May 30, 2024

How Shopify Capital works for ecommerce businesses looking for funding, loans, and other types of financing

Kristen Campbell

What is Shopify Capital?

Shopify Capital is a popular option for funding ecommerce businesses. Shopify funding allows merchants using Shopify in the US, Canada, the UK, and Australia to apply for up to $5M in funding.

Funds are provided by Shopify Capital and are delivered to Shopify merchants as a lump sum. In turn, Shopify charges a fixed borrowing cost also known as the cost of funds. The merchant pays back the amount Shopify provided them, plus the borrowing cost. Payment structures can vary, with Shopify providing merchant cash advances (MCAs) and merchant loans where it collects a fixed percentage of sales on a daily basis, or more traditional lines of credit where it collects a monthly payment.

The lump sum plus the cost of funds are what the merchant will pay back overall. In an example scenario, Shopify might advance a business $10,000 principal plus may advance a $1,500 fee (please note this example is not directly reflective of Shopify’s fees). Now, the ecommerce business with the advance must repay $11,500 through a fixed percentage of sales revenue each day.

Personal credit checks aren’t required but Shopify may consider factors such as business credit, sales history, and revenue from prior years before offering capital. Failure to meet minimum payment thresholds over the course of the advance can potentially result in default

Shopify Capital offers MCAs in the UK, Australia, Canada and the US, while also offering term loans and lines of credit in the US (excluding some states). Specific terms and product structures vary depending on location and eligibility.

Why might ecommerce businesses consider Shopify's funding? 

Ordering inventory, paying employees, and setting up a marketplace account or online storefront all require funds – and many founders do not have the cash on hand to front these costs. Fortunately, founders in 2024 have access to a number of options to cover costs, such as Invoice Funding, Shopify Capital, traditional lenders, other financial technology (fintech) companies, private capital, and personal loans.

Capital will come with different terms depending on the lender and product structure, and will depend on factors such as business growth, revenue history, monthly expenses, monthly payroll, creditworthiness, or the business’ ability to cover its loans (credit utilization).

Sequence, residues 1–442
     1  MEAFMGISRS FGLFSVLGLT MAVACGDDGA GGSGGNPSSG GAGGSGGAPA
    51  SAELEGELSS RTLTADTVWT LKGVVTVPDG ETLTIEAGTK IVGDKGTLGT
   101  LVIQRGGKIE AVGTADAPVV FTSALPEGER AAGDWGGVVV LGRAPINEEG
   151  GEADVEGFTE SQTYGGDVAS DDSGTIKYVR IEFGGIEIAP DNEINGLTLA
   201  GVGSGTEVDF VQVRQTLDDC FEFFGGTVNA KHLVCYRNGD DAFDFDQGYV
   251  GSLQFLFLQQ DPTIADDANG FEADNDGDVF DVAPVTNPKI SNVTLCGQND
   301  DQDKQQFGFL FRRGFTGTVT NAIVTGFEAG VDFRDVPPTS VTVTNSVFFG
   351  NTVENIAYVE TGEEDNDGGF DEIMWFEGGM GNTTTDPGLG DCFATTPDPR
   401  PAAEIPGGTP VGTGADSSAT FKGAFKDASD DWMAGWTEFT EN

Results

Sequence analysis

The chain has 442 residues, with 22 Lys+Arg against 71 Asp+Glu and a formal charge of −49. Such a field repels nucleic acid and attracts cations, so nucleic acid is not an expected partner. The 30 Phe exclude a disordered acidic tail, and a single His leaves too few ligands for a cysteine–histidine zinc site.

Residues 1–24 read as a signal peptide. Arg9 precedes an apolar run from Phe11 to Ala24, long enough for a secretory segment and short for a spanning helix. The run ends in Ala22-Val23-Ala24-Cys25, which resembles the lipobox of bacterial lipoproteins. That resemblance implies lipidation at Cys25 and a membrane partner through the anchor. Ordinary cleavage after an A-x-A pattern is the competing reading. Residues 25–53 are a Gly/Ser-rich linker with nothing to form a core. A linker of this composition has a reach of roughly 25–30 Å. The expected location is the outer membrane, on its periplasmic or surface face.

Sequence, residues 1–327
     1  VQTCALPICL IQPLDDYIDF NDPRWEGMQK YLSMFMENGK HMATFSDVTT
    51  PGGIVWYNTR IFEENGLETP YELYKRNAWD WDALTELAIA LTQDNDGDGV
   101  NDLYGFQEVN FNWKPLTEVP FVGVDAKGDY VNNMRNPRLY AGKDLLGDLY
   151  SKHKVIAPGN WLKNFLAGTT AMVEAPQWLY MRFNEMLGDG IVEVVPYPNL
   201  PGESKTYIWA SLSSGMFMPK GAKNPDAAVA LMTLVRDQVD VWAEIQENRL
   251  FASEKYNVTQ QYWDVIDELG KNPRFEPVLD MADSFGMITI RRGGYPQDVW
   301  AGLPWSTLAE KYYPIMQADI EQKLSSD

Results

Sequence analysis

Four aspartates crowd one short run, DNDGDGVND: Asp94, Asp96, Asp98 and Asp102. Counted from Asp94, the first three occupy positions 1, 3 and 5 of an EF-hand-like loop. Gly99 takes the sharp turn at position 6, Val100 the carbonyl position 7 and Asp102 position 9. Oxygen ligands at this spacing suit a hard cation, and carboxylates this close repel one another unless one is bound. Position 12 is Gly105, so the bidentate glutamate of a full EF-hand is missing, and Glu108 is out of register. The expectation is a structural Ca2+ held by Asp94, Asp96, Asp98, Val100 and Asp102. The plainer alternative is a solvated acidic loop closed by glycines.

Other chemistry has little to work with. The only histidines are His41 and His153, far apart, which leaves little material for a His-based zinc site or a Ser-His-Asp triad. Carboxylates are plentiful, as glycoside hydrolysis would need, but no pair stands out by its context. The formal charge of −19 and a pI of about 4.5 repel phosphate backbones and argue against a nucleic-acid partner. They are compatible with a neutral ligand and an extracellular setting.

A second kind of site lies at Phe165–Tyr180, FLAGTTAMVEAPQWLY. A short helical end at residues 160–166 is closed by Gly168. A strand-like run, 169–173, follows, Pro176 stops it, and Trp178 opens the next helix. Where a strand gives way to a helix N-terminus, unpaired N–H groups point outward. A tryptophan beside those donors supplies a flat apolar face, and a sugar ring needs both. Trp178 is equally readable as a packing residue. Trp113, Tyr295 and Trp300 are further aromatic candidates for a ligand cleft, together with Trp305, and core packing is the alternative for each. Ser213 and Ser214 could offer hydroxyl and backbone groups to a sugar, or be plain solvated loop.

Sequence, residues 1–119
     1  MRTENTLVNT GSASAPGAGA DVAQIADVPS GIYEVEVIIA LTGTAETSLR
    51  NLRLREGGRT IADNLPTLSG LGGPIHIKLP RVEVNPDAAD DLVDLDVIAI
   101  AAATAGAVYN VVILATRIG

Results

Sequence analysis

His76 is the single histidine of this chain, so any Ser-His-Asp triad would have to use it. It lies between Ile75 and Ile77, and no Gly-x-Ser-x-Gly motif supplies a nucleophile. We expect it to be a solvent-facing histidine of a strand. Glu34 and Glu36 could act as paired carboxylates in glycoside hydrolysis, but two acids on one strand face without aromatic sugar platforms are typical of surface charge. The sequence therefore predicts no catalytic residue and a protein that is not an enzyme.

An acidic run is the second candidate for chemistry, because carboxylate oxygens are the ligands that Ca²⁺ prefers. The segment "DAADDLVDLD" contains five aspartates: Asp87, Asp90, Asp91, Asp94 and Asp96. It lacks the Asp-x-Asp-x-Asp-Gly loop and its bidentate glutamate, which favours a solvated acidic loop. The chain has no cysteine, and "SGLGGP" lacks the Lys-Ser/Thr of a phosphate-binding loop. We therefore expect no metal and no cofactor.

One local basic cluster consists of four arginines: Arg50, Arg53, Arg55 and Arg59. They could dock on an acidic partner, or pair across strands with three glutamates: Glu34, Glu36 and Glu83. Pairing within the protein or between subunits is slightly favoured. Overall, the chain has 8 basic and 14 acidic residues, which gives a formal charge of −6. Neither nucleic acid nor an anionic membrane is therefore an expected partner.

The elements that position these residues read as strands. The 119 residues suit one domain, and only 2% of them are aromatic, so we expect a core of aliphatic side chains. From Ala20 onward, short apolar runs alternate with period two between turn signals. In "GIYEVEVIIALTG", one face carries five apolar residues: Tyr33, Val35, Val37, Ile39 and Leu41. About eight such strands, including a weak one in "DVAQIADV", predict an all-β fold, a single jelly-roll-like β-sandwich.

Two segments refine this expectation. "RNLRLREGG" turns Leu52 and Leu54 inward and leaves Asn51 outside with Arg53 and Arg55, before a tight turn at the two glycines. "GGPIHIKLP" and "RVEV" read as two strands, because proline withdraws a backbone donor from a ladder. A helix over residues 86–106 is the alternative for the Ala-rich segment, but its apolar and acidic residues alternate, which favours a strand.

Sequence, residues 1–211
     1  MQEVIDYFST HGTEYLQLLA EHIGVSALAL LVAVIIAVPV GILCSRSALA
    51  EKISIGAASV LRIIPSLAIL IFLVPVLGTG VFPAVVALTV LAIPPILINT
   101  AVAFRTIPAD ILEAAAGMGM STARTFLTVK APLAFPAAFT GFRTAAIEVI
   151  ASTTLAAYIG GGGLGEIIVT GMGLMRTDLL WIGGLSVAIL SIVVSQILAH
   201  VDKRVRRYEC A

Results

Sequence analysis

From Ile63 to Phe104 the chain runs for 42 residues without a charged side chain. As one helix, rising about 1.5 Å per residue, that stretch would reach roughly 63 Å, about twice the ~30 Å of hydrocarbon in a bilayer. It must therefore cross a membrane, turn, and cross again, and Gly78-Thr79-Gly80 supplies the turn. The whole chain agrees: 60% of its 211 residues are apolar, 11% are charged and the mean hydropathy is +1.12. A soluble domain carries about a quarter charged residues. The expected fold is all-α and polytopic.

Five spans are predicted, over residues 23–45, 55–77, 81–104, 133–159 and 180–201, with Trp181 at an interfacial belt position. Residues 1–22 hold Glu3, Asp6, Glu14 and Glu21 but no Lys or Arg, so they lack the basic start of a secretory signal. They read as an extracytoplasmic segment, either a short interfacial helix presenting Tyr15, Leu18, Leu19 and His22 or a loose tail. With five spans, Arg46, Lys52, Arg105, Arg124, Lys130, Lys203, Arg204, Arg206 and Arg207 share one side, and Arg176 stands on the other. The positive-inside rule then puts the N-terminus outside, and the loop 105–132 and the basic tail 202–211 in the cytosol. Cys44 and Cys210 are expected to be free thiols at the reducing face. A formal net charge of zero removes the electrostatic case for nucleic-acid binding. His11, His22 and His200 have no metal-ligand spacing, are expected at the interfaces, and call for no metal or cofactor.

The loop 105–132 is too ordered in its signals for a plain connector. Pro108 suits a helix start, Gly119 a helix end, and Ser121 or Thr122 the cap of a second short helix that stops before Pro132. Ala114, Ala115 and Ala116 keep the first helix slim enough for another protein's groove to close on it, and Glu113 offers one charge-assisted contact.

Watch this overview of Shopify Capital loan amounts, payback amount, and more by LedgerGurus:

Should your ecommerce business consider any type of funding, loans, or financing to support scaling?

Ecommerce business owners shopping for capital should first consider why they need funds. Is it capital for inventory or another tangible asset that is likely to see a return on investment? An investment in equipment or specialized staff? Intended to cover digital ad spending or growth in production? Support a business through a downturn?

Financing or other funding options for purchasing physical assets (say, a building used as a manufacturing plant or a dozen industrial grade sewing machines) are typically cheapest when secured by the asset itself. Other business operating costs, like marketing, could be more effectively covered by alternative financing options.

Reasons for getting working capital will vary, and the ‘best’ choice for each business will depend on its circumstances. Lenders and financiers are going to price the capital according to risk. In most cases, new businesses with no assets will pay more than well-established businesses with consistent revenue. Sometimes, the cheapest money seems like the best fit and other times, it’s clear that the cheapest financing option is not the best option when it has long delays or personal guarantees. Most important when making your choice of capital is understanding the capital’s true cost – taking into account opportunity cost, borrowing fees, and other factors.  

Not all capital providers charge interest, but lenders will always charge a cost for their capital in some form, and the time value of money always exists.  Borrowers can use a rate calculator to determine APRs when fees, interest rates, or other lending terms aren’t crystal clear. The goal of such tools is to provide borrowers an ‘apples to apples’ way to look at various capital options.